The Epiphany of Our Lord


by Lucinda M. Vardey

It is understandable that the wise men, who had travelled so far on their ancient pilgrimage to give homage to the new born king, would be “overwhelmed with joy” when the star indicated they had arrived.   One could speculate the cause of a joy shared among a special group of seekers, who, some say, heralded from Sheba (present-day Yemen). We will never know exactly who they were or where they came from but that isn’t really important.   What is worth noting is the effect that Jesus had on them. They were coming laden with gold and spices, but before they dismounted their camels they had received a precious spiritual commodity beyond every material value: joy.

St. Thomas Aquinas posited that the experience of joy is not something that one sets out to seek, it is instead enlivened by encountering “the good which is its object.”   Therein we find the gladness in encountering the Christ child we have sung about in our Christmas carols.   We encounter “the good,” like the wise men, who looked and saw the hopeful light in the dark sky of that time and were touched by something beyond rational comprehension. They not only saw, but they felt, and their spiritual senses goaded them to act. They had to go, they had to find, and they had to rejoice.   And by this encounter they were changed.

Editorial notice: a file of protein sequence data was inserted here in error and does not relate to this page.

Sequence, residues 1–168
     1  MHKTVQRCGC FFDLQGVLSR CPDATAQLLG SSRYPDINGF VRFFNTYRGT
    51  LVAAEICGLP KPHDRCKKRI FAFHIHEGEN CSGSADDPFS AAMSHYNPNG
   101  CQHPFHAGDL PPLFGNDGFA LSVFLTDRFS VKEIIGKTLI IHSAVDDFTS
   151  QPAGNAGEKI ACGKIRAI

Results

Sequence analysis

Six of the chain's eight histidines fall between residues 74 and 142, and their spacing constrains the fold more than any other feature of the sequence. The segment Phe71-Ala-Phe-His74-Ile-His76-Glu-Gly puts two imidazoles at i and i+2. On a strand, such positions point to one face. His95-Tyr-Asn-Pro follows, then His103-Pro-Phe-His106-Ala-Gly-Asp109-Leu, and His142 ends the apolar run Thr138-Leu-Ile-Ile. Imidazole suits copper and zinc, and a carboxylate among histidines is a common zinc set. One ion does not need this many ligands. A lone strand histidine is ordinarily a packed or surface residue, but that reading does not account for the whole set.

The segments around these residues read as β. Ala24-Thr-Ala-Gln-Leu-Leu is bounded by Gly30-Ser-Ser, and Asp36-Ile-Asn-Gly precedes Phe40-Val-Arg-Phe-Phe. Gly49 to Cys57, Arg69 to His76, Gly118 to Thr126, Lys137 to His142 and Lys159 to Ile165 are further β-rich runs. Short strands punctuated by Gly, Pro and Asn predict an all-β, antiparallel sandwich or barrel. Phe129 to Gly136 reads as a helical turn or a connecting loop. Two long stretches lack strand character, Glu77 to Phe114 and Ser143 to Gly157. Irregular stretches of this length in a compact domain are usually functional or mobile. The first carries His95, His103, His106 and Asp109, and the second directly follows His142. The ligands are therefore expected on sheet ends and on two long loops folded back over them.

They headed back not from where they came but by “another road,” a different route.  No longer honouring Herod’s wish (with its ulterior motive) they instead followed the truth as revealed in the dream state. Transformed by the brightness of dawn, they journeyed out as witnesses to an unspeakable event, the mystery, which was, as St. Paul revealed, to be passed on “in the promise of Christ Jesus through the Gospel.”

Image Credit:  Adoration of the Magi, Gentile de Fabriano (1423)